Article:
Mary Bohlen and Mary Galligan write travel articles for the Illinois Times.  Their trips are within a day's drive.  They look for affordable, family friendly destinations.  From state parks to small towns to big city amenities.


The next president of the University of Illinois will be announced Wednesday.   The announcement will be made on all three campuses.  

Board chair Christopher Kennedy and other university officials will introduce the schools' choice to head the U of I.  A news release did not mention the choice.

President Robert Easter will retire next summer.  He has served in that role for 3 years after being on the faculty and serving as an administrator at the Urbana Champaign campus.   

Tim Landis headshot

On this week's WUIS/State Journal-Register Business Report, Tim Landis tells us about the Grain Belt Express transmission line project across central Illinois, efforts to save another historic building in Springfield and expansion of a senior living complex. 

flickr/Matty Ring

A newly released survey shows a majority of Illinois residents are satisfied with the performance of their local police department.  But the numbers also show differences of opinion along racial lines.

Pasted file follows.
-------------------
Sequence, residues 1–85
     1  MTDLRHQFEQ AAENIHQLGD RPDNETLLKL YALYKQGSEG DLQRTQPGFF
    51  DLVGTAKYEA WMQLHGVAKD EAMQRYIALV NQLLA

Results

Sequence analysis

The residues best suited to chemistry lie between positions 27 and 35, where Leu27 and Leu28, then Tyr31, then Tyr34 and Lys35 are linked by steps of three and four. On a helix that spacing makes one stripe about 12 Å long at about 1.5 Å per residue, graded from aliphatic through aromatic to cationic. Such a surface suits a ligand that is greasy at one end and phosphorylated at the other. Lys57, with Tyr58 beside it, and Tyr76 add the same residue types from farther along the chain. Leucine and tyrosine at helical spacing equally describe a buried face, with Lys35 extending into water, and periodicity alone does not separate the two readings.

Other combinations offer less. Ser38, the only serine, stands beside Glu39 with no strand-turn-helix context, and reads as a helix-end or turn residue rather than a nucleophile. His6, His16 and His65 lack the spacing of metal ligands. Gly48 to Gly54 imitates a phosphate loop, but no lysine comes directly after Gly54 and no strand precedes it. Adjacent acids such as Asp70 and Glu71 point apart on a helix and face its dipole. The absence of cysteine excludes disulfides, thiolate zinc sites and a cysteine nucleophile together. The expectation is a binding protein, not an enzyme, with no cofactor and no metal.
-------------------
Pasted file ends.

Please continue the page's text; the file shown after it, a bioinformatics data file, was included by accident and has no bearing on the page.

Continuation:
The statewide survey shows overall, 7 of 10 people in Illinois give police good marks.  But African Americans are more split, with only about half giving a commendable rating.

flickr/United Soybean Board

Agricultural runoff is a problem in Illinois and many other farm states.  Nitrogen, phosphorous and chemicals help with yields, but too much winds up in the water supply.   That creates problems like algae growth that robs the water of oxygen, killing off aquatic life. 

Jean Payne represents fertilizer and chemical dealers in the state.  She says a training program will launch this winter in an effort to get farmers better educated on how to apply nutrients to their crops, including the best time for application and proper amounts. 


It was 100 years ago that community foundations began.  It was in Ohio.

"It was actually a banker from Cleveland who thought,there's all these charitable trusts being formed.  If we consolidated these it could be more efficient for philanthropy," said John Stremsterfer, President and CEO of the Community Foundation for the Land of Lincoln.  

Based in Springfield, it serves Sangamon, Cass, Christian, Logan, Menard, Morgan, and Montgomery counties. The organization helps match donors with specific causes.